Life, or at least the first one, started in some cotton field. Then came the pickers, the millers, the dyers, and finally, a trip to the factory. The journey was supposed to move on to a drawer, then a closet, then someone’s back, but instead his Makers stitched and rent him endlessly. He was a million pieces at once, then one piece at once, then a million once more. It didn’t matter that he was born of similar stock as everyone else, because somewhere along the line he was deemed unworthy, in a million different ways, and thus barred from whatever was outside the factory walls, allowed only to be worthy in practice. He’d get close, and when he felt complete, they’d hold him up by the cuffs and smile and laugh and throw him back to the pile.
The buying bosses from New York came down once for an inspection. They walked around to assess worthiness. They walked around some more and one of the bosses walked off to the corner, where he came upon the pile of practice awaiting the seam ripper’s blade. The boss reached down and grabbed him by the collar. He looked at it. He looked to the other bosses. He looked down again and hollered “Boy, this sure is a fun shirt!”
The boss’s grin betrayed menace but not malice—the boss hadn’t done that thing he’d done before, where he turned around, marched over to some poor seamstress, and bellowed at length about standards and traditions of excellence and discerning customers—so the seamstresses were relieved. Fun Shirt betrayed no visible reaction, because he was a shirt, but his wrinkles looked like smiles.
The boss’s company was in charge of the orthodoxy as well as the factory. For a century or so they had been clothing the right people and picking the right colors, and now everyone who knew what they were supposed to be wearing knew they were supposed to be wearing the company’s goods, if not exactly why. Their fathers had worn them, and their fathers, and so on, and that was good enough. For the company, the joy of controlling the orthodoxy was the joy of changing the orthodoxy at will. The Fun Shirt would change the orthodoxy and into the void would pour money and they’d keep the money when the orthodoxy resettled. Here was a new venue for exploitation, delightfully imperfect, and it would serve the company well.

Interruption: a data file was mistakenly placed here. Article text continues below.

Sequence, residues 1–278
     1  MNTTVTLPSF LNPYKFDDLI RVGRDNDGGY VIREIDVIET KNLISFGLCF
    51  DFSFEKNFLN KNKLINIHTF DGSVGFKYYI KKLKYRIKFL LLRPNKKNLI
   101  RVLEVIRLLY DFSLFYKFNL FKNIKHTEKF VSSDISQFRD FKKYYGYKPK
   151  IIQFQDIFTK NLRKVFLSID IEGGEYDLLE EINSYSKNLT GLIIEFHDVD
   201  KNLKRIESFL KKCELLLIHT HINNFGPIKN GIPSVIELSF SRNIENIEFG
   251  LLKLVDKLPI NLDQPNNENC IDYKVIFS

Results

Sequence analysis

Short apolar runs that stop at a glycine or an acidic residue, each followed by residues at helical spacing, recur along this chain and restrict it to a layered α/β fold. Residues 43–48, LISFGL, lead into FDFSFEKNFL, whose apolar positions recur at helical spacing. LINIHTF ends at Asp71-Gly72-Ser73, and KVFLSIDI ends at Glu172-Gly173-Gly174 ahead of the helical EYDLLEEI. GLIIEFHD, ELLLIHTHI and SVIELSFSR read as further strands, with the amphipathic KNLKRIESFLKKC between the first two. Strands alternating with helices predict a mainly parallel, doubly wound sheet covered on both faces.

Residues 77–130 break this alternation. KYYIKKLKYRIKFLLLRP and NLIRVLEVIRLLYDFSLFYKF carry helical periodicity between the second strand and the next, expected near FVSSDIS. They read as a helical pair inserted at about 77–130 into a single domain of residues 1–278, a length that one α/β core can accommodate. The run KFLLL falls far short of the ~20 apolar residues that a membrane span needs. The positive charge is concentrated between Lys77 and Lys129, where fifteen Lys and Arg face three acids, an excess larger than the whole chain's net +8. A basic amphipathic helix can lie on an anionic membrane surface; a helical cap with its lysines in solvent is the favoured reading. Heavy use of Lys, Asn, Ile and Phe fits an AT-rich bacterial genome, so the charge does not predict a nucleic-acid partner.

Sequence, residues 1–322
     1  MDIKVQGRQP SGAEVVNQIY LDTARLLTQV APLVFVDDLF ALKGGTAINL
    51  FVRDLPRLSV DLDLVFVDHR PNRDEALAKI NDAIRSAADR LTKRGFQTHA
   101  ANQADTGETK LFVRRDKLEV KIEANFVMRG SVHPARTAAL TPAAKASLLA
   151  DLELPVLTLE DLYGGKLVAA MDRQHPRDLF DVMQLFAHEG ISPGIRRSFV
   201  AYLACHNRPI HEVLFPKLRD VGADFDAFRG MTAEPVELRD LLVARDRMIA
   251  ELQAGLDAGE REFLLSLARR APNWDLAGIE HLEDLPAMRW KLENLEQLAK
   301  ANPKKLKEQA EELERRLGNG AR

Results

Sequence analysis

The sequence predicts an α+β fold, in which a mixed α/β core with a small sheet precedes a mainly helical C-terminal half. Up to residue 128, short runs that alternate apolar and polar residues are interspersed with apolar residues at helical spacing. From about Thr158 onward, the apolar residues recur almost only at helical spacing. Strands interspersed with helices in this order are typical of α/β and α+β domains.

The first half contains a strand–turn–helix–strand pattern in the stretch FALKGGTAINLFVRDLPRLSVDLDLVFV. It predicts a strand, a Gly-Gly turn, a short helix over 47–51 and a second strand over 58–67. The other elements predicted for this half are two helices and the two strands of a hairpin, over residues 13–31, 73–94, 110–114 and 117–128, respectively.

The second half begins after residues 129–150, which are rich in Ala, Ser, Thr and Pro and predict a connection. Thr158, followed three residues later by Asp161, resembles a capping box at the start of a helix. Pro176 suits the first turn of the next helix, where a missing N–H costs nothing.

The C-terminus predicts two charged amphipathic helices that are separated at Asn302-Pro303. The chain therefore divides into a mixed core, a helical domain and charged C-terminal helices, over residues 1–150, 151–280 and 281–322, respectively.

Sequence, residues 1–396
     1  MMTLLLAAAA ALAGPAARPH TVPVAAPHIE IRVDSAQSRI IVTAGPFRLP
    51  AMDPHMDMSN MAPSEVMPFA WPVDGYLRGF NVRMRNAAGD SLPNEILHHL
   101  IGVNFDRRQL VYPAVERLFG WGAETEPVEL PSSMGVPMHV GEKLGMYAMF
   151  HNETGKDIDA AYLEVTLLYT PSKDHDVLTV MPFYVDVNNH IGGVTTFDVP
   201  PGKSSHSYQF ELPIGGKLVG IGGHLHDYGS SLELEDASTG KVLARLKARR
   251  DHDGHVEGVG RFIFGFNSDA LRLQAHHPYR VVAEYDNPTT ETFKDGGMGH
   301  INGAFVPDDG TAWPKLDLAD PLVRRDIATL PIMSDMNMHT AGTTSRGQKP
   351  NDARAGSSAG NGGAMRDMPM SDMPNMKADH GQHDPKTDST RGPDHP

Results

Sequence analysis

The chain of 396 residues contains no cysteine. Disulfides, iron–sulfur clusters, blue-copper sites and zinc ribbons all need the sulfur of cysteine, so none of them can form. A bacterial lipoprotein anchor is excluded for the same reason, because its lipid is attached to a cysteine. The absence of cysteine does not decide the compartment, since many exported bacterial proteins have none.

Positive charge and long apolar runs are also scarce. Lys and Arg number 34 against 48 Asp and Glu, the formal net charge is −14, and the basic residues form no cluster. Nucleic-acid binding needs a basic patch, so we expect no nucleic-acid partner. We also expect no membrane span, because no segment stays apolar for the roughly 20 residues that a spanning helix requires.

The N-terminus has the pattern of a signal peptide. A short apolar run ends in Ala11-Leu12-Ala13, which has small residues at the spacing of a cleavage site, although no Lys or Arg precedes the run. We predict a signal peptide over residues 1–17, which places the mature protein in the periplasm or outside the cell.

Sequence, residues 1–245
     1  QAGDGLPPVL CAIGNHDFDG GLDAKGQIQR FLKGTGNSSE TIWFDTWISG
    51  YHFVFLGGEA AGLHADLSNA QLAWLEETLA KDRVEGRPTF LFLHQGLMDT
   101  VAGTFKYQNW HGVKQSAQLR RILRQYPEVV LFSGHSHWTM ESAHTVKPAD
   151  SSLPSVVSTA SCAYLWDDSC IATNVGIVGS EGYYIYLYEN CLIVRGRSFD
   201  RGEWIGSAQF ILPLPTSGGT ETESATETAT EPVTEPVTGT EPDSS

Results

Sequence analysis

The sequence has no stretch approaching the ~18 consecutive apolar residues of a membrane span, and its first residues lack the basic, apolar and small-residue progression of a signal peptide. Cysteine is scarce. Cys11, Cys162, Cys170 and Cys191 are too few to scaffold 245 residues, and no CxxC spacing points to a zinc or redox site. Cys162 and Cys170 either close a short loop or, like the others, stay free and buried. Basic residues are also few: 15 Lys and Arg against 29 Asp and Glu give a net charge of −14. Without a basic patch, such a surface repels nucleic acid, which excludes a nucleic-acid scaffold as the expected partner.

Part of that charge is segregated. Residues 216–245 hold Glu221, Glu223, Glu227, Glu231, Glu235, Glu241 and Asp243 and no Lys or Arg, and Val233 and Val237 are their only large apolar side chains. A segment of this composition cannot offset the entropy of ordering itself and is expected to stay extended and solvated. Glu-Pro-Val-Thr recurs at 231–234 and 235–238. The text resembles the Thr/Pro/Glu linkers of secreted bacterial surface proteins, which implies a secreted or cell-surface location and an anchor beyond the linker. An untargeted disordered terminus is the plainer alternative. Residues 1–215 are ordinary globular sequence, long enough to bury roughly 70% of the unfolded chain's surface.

The first stop on Fun Shirt’s freedom tour was New York, where he was trumped before a board room, his unorthodoxy extolled in a presentation with charts and figures and a finish of applause. Next, he boarded the first truck to Cambridge; he was so excited, studying etiquette guides and mentally preparing himself for weekends at Nantucket. He really had no idea what he was doing, but he knew he was going to slide onto the arms of the status quo, and he was more than happy to make the most of his opportunity.
Instead he slid onto a hanger, into a display, with signs and words and script and arrows. They approached him warily, because they had neither seen their fathers nor their fathers’ fathers wearing something like him, and so they did not accept him thoughtlessly. They paused and whispered and eyed and roved and roved away and back and this did not exactly feel like the status quo.
Fun Shirt did catch the occasional eager eyes, but in them were mischief. The others darted quickly away, and their hands eagerly scooped up the other shirts instead, the pinks the whites the candy-striped blues. The salesmen eyed the purchases and tittered amongst themselves; they seemed excited, and Fun Shirt surmised that the scoops were coming faster and more fearfully than usual. He was a bit disappointed, but acceptance now would be acceptance still; he went with the mischievous eyes when their hands gripped him because this was something, at least.